After barcode scanning we made our way to the coffee shop in the Tescos - we didn't see many other runners in there, but had a couple of cups of tea and a catch up about the joys of parenting: is it too late to move to a kibbutz and outsource child care to someone else?  Would I be put in charge of everyone's children given that I am a qualified teacher?

Thank you to all the volunteers both out on the course and behind the scenes who made today run so smoothly and thank you to Mr B for driving.  There are now no more parkruns until next year - but at least we get to do two in one day on New Year's Day - hopefully I will catch up with some of you in parkruns around the country/world (a girl can dream) next year - but until then I wish you all the best for 2019.

Saturday, 15 December 2018

Finsbury parkrun

Despite living in London for many, many years there are huge areas that I have never visited.  Harringay is one such area and I will admit that, prior to today, if someone said "Finsbury Park" all that came to mind was yet another Madness farewell or comeback gig!  A little research reveals that lots of people have 'played' Finsbury Park - from Hendrix to Queens of the Stone Age via the Sex Pistols, Oasis and The Stone Roses (amongst many others).  The park itself has an interesting history - it was opened in 1869, during WW1 it was the site of pacifist meetings, during WW2 it was military training ground and housed anti-aircraft guns.  It fell into disrepair through the latter half of the 20th century, but a lottery grant in 2003 was used to fund cleaning of the lake, building a cafe and children's pay area and repairing the tennis courts.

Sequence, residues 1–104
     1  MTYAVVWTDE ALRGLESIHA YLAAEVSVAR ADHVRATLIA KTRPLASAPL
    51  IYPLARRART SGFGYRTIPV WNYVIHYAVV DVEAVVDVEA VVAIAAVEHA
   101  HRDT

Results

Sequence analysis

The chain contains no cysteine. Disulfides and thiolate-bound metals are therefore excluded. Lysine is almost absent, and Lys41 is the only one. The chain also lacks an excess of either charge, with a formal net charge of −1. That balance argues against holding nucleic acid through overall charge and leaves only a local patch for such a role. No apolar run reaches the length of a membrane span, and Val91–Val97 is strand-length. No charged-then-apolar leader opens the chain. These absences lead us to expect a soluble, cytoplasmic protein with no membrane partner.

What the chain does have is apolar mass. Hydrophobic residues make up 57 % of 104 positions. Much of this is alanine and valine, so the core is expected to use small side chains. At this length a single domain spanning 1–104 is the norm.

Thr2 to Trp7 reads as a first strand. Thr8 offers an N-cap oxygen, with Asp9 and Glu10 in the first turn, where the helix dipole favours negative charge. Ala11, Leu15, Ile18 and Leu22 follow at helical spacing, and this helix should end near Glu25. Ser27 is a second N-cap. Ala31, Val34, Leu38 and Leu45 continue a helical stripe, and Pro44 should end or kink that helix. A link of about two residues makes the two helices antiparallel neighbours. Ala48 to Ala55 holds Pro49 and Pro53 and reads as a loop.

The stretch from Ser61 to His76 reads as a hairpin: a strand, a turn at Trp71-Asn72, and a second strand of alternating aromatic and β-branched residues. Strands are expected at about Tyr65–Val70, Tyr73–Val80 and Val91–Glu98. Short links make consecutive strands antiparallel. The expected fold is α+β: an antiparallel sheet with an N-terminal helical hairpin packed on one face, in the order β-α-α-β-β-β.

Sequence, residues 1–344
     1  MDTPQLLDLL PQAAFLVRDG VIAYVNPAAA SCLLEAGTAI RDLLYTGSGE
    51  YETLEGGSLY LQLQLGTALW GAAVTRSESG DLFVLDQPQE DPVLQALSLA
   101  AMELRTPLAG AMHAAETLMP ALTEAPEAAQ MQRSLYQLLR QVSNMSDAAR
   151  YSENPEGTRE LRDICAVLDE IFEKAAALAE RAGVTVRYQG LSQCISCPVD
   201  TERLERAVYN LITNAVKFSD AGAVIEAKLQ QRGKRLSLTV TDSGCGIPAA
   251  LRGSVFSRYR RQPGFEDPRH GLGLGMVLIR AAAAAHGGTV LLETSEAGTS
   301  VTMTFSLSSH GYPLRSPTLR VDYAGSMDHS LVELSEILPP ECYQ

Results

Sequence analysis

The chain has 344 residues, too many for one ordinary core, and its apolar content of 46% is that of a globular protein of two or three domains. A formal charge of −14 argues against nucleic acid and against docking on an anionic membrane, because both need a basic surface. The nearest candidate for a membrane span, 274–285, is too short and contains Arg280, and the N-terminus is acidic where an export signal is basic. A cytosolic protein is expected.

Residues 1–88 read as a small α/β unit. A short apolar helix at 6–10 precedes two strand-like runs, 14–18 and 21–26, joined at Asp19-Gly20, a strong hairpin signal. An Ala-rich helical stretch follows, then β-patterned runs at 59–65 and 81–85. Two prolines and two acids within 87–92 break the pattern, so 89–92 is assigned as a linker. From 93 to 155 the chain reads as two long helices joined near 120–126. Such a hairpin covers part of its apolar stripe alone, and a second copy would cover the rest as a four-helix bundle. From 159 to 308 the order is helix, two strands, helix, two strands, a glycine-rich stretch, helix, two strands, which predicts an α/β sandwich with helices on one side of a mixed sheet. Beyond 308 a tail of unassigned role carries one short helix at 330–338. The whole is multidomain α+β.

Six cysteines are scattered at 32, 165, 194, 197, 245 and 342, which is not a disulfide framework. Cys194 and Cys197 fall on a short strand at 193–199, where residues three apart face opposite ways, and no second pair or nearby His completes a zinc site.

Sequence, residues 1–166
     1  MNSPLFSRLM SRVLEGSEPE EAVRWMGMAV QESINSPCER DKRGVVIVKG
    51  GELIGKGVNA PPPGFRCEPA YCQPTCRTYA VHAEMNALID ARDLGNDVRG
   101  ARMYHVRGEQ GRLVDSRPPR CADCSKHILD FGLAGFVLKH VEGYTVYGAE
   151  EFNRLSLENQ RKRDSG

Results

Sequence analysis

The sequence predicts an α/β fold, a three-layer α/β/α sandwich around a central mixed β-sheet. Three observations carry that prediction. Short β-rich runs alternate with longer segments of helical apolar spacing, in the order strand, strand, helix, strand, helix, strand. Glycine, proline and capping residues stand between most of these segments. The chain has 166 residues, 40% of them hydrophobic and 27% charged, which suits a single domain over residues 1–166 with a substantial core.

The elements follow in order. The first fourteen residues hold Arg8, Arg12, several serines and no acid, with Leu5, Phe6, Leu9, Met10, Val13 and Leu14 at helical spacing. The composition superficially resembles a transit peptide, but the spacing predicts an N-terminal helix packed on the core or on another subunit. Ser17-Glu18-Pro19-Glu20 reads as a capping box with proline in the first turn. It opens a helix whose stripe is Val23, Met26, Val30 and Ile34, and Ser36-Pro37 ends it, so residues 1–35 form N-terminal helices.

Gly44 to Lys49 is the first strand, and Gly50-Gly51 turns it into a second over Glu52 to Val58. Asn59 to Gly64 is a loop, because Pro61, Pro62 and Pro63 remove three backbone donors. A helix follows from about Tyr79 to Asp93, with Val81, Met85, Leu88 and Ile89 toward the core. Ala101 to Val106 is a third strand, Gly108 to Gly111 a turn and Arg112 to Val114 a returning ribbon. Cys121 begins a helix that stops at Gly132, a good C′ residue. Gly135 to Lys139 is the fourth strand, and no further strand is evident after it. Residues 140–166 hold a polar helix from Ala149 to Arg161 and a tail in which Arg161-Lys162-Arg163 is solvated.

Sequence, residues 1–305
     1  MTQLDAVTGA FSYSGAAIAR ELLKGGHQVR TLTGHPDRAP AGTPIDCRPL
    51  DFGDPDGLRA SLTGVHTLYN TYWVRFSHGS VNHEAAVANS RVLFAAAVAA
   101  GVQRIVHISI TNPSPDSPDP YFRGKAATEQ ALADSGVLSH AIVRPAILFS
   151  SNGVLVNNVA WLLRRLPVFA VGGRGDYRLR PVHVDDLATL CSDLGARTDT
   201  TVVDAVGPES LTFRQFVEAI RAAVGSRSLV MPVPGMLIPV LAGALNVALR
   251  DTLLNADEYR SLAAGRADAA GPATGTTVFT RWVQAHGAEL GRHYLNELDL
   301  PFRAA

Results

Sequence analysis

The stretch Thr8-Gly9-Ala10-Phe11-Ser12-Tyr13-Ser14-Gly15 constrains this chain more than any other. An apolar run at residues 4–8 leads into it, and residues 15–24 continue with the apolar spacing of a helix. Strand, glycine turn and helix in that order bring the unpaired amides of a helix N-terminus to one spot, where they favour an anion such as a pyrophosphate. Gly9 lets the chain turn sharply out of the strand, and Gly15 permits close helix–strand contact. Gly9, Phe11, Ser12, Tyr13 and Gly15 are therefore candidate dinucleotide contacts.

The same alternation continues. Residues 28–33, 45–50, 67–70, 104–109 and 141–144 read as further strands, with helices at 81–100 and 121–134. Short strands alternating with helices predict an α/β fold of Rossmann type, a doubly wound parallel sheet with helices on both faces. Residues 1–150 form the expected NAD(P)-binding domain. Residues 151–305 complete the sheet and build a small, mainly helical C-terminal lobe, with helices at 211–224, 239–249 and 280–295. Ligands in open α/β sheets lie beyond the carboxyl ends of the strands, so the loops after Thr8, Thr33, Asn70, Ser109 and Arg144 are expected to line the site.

We were up in London for the very excellent Nine Lessons & Carols for Curious People on Friday, coupled with a book fair for Husbando on Sunday, so we thought we'd make a weekend of it and throw in a parkrun too.   The idea was that we would get public transport to the start, run parkrun then run back to the hotel for breakfast.

Finsbury Park station is a third of a mile from the start.  We spotted the high viz jacketed volunteers by the cafe and made our way up there.  There are loos right by the cafe - which is good to know.  They were fairly clean and the ladies loos were very pink - pink tiles, pink paint!